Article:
[Show abstract][Hide abstract] ABSTRACT: An increase in the rate of gluconeogenesis is largely responsible for the hyperglycemia in individuals with type 2 diabetes, with the antidiabetes action of metformin being thought to be achieved at least in part through suppression of gluconeogenesis.
We investigated whether the transcription factor KLF15 has a role in the regulation of gluconeogenesis and whether KLF15 participates in the antidiabetes effect of metformin.
Here we show that KLF15 regulates the expression of genes for gluconeogenic or amino acid-degrading enzymes in coordination with the transcriptional coactivator peroxisome proliferator-activated receptor gamma coactivator 1alpha. Liver-specific ablation of KLF15 in diabetic mice resulted in downregulation of the expression of genes for gluconeogenic or amino acid catabolic enzymes and in amelioration of hyperglycemia. Exposure of cultured hepatocytes to metformin reduced the abundance of KLF15 through acceleration of its degradation and downregulation of its mRNA. Metformin suppressed the expression of genes for gluconeogenic or amino acid-degrading enzymes in cultured hepatocytes, and these effects of metformin were attenuated by restoration of KLF15 expression. Administration of metformin to mice inhibited both the expression of KLF15 and glucose production in the liver, the latter effect also being attenuated by restoration of hepatic KLF15 expression.
KLF15 plays an important role in regulation of the expression of genes for gluconeogenic and amino acid-degrading enzymes and that the inhibitory effect of metformin on gluconeogenesis is mediated at least in part by downregulation of KLF15 and consequent attenuation of the expression of such genes.
[Show abstract][Hide abstract] ABSTRACT: Regulation of hepatic gene expression is largely responsible for the control of nutrient metabolism. We previously showed that the transcription factor STAT3 regulates glucose homeostasis by suppressing the expression of gluconeogenic genes in the liver. However, the role of STAT3 in the control of lipid metabolism has remained unknown. We have now investigated the effects of hepatic overexpression of STAT3, achieved by adenovirus-mediated gene transfer, on glucose and lipid metabolism in insulin-resistant diabetic mice. Forced expression of STAT3 reduced blood glucose and plasma insulin concentrations as well as the hepatic abundance of mRNA for phosphoenolpyruvate carboxykinase. However, it also increased the plasma levels of triglyceride and total cholesterol without affecting those of low density lipoprotein- or high density lipoprotein-cholesterol. The hepatic abundance of mRNAs for fatty acid synthase and acetyl-CoA carboxylase, both of which catalyze the synthesis of fatty acids, was increased by overexpression of STAT3, whereas that of mRNAs for sterol regulatory element-binding proteins 1a, 1c, or 2 was unaffected. Moreover, the amount of mRNA for acyl-CoA oxidase, which contributes to beta-oxidation, was decreased by forced expression of STAT3. These results indicate that forced activation of STAT3 signaling in the liver of insulin-resistant diabetic mice increased the circulating levels of atherogenic lipids through changes in the hepatic expression of genes involved in lipid metabolism. Furthermore, these alterations in hepatic gene expression likely occurred through a mechanism independent of sterol regulatory element-binding proteins.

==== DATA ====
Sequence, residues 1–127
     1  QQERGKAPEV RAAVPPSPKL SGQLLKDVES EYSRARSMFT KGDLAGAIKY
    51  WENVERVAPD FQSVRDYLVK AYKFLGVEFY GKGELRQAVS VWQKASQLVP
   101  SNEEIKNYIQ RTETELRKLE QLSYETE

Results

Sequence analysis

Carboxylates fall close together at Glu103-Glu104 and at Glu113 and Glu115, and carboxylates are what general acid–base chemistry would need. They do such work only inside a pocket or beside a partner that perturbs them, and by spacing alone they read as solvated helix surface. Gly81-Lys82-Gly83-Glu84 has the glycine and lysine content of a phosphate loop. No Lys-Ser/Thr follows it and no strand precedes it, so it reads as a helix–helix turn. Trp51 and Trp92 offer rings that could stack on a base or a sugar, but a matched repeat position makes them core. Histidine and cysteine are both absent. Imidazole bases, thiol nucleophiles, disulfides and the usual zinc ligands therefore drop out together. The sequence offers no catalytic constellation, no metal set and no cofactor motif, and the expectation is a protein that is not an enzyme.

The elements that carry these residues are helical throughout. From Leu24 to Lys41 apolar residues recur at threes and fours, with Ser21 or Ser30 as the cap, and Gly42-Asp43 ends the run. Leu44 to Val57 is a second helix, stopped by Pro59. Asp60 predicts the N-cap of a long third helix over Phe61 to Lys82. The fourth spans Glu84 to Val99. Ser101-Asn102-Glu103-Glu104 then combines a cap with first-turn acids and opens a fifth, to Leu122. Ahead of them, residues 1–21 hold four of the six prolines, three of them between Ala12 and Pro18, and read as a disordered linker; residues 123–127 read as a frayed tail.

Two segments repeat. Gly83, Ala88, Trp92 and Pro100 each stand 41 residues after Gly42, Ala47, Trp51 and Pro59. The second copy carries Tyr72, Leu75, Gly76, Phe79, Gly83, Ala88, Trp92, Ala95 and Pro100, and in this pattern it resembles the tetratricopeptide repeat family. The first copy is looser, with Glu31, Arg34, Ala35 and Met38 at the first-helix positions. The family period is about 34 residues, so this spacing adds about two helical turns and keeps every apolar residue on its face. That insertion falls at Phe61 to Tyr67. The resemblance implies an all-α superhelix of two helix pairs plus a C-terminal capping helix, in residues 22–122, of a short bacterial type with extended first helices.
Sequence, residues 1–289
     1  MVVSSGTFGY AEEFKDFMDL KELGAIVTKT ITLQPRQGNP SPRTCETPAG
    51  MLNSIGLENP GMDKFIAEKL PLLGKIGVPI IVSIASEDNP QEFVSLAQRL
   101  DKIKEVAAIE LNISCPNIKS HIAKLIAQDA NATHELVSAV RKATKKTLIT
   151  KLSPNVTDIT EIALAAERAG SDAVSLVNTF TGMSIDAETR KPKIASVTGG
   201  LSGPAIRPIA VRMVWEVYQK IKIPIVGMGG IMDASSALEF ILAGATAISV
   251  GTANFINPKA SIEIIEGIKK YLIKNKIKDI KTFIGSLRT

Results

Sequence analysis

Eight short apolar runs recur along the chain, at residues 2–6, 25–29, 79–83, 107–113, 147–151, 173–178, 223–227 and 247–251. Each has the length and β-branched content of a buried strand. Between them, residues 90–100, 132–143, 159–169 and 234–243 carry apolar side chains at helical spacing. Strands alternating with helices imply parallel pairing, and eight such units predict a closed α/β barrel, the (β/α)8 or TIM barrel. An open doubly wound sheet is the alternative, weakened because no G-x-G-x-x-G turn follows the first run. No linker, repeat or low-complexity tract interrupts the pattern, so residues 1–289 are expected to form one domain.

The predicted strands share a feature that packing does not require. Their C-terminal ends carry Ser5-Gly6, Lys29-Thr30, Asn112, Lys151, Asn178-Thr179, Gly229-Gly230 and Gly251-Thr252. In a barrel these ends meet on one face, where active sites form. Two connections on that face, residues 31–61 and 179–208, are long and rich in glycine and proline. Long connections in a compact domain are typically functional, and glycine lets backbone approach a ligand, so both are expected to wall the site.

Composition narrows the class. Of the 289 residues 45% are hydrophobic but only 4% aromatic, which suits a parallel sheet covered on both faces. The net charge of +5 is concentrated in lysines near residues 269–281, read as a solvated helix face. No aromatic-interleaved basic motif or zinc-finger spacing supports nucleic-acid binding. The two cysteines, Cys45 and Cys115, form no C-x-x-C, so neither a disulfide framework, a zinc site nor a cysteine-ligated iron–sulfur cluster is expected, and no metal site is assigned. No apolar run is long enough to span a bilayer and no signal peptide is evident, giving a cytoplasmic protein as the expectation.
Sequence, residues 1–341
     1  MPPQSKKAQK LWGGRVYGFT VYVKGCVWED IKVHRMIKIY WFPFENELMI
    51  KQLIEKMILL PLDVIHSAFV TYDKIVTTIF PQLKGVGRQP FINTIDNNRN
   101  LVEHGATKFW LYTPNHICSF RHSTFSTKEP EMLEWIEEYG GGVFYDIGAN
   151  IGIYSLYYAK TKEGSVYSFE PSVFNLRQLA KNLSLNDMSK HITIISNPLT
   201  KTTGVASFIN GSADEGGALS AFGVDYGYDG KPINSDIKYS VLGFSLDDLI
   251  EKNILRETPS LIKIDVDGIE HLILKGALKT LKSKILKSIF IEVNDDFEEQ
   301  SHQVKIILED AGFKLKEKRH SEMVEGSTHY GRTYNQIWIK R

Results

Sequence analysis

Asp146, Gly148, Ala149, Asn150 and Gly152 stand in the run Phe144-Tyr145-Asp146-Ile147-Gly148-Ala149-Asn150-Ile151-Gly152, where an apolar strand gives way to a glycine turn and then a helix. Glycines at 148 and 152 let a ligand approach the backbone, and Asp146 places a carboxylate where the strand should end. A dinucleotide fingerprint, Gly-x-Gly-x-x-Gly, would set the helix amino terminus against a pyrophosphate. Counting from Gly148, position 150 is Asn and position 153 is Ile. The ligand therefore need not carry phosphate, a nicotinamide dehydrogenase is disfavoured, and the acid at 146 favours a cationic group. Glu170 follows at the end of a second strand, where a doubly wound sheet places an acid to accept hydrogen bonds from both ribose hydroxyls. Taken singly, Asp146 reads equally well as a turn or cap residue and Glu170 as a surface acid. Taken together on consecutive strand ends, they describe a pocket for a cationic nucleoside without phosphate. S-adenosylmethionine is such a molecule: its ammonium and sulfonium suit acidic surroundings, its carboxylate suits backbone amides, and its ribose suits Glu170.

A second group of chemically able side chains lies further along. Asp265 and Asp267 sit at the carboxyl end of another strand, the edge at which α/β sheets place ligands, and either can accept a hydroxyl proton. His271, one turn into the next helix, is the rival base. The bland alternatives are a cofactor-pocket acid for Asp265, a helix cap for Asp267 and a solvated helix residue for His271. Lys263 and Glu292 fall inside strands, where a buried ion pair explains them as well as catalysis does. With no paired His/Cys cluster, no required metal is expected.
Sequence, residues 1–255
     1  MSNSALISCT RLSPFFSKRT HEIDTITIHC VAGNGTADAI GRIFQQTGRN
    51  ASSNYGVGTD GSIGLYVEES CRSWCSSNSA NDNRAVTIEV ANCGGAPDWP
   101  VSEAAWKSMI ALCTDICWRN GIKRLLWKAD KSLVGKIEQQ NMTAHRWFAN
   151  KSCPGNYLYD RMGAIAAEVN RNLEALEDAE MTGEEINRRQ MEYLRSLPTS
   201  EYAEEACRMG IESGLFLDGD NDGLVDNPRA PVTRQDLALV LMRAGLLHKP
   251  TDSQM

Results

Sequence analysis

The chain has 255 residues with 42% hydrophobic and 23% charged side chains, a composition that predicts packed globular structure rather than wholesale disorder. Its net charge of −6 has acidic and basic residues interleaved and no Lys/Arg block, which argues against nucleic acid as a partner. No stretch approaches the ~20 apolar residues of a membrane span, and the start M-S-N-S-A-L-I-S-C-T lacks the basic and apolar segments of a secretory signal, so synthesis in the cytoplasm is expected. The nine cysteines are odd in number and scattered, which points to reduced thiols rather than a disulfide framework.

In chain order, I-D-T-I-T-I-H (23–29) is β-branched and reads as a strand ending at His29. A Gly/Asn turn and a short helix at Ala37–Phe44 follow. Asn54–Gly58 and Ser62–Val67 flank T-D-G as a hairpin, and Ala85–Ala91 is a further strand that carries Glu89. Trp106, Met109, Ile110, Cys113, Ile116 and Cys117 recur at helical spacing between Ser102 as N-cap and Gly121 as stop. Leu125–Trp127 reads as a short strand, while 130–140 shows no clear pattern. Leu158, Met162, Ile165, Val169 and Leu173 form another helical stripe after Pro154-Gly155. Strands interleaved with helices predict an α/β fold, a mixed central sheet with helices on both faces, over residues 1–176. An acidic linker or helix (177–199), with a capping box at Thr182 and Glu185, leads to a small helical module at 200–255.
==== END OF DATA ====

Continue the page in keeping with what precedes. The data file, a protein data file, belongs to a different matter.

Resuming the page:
Preview · Article · Feb 2008 · The Kobe journal of medical sciences
[Show abstract][Hide abstract] ABSTRACT: Phosphoinositide-dependent kinase-1 (PDK1) is implicated in the metabolic effects of insulin as a key mediator of phosphoinositide 3-kinase-dependent signaling. Here we show that mice with liver-specific PDK1 deficiency manifest various defects in the metabolic actions of insulin in the liver as well as a type 2 diabetes-like phenotype characterized by marked hyperinsulinemia and postprandial hyperglycemia. The hepatic abundance of glucokinase, an important determinant of glucose flux and glucose-evoked signaling in hepatocytes, was substantially reduced in these mice. Restoration of hepatic glucokinase expression, with the use of an adenoviral vector, induced insulin-like effects in the liver and almost completely normalized the fasting hyperinsulinemia and postprandial hyperglycemia in these animals. These results indicate that, if the hepatic abundance of glucokinase is maintained, ingested glucose is normally disposed of even in the absence of acute activation of proximal insulin signaling, such as the activation of Akt, in the liver.